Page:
Date and time: 25 November, 11:00-11:30
Meeting link (Zoom): https://NTNU.zoom.us/j/97338220699?pwd=eTFIUlpHd0cxb1N1TDhHSyt5M0VOQT09
Following the highly pervasive and effective use of agile methods at the team level, many software organisations now wish to replicate this success at the organisational level, adopting large-scale agile methods such as SAFe, Scrum-at-Scale, and others. However, this has proven significantly challenging. An analysis of the extant literature reveals a disparate set of studies across each individual method, with no cross-method comparison based on empirical evidence. This systematic literature review compares the main large-scale agile methods, namely SAFe, LeSS, Scrum-at-Scale, DAD, and the Spotify model. It is the first study to analyse and compare each of the method’s principles, practices, tools, and metrics in a standardised manner. For each method, it presents not just the original method specifications but also all extensions and modifications to each method proposed by subsequent empirical research. It includes in this comparison not just commercial large-scale methods but also those that have been custom-built in organisations such as Nokia, Ericsson, and others. Based on the findings reported in this study, practitioners can make a more informed decision as to which commercial method or method component or, indeed, custom-built method is better suited to their needs. Our study reveals a number of theoretical and practical issues in the current literature, such as an emphasis on the practices of commercial frameworks at the expense of their underlying principles, or indeed any of the custom method. A set of challenges and success factors associated with the use of large-scale agile methods are identified. The study also identifies a number of research gaps to be addressed across methods.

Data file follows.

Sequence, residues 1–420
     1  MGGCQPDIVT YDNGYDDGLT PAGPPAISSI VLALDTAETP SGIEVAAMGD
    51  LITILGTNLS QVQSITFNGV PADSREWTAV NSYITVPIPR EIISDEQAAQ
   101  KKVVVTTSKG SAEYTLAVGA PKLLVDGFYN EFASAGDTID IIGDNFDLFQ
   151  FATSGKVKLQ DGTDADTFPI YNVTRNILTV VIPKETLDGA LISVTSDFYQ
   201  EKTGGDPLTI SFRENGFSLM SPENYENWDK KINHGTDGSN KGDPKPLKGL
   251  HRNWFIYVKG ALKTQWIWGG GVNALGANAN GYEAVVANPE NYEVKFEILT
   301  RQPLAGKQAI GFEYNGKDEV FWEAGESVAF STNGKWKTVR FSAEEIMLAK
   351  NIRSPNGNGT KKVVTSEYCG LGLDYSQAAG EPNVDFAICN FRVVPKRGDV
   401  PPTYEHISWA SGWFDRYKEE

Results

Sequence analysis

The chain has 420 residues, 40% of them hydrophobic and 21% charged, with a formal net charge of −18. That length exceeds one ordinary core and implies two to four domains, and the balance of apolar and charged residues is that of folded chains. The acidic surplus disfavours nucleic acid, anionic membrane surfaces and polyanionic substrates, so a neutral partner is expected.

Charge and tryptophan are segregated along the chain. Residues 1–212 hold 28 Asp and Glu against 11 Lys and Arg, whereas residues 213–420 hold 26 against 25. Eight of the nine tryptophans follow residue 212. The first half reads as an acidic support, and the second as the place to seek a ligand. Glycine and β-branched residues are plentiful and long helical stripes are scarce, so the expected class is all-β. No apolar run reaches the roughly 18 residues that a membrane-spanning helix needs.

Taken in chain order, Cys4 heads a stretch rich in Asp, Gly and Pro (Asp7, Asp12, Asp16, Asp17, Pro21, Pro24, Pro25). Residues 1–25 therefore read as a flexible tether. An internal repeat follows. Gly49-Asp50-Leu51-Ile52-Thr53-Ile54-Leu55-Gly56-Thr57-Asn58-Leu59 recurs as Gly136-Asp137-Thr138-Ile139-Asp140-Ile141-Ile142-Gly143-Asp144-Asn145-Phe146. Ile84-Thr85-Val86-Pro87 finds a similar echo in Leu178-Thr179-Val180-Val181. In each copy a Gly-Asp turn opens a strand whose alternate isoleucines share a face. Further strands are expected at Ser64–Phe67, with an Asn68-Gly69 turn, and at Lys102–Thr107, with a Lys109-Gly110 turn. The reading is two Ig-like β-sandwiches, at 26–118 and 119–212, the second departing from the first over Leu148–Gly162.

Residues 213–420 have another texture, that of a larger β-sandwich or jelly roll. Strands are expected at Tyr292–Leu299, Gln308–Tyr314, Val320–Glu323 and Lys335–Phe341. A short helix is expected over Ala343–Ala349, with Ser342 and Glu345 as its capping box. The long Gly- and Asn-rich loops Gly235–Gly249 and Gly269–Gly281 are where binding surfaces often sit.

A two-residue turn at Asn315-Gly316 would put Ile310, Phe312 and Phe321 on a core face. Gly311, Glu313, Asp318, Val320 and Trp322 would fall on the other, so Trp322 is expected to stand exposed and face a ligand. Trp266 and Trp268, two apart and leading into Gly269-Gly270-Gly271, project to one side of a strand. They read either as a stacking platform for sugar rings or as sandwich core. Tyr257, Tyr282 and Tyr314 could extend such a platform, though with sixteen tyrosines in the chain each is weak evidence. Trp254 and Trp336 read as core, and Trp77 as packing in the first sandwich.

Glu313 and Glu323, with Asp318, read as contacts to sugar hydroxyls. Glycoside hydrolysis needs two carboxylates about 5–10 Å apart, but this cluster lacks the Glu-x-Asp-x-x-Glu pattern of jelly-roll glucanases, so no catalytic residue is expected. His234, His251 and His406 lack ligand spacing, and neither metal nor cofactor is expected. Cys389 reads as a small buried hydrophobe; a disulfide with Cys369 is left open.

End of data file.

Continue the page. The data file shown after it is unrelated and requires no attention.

Henry Edison is an assistant professor of software engineering at the Mærsk Mc-Kinney Moller Institute at the University of Southern Denmark. He received his PhD in Computer Science from the Free University of Bozen-Bolzano, Italy in 2017. His main research are within the empirical software engineering in the areas of software product innovation, software startups and agility, and human factors in software engineering. His research examines current and future practices and trends of software development processes and tailor them to suit different contexts from startup and emerging to large and established organisations. He actively publishes in software engineering venues including IEEE Transactions on Software Engineering, Journal of Systems and Software, Information and Software Technology, etc. He is also active in serving various software engineering conferences and workshops. In 2018, he was awarded a two-year grant of Marie Curie Fellowship COFUND programme at Lero, NUI Galway, Ireland. The programme was co-funded by the European Commission under the Marie Skłodowska-Curie programme and the Science Foundation Ireland through Lero.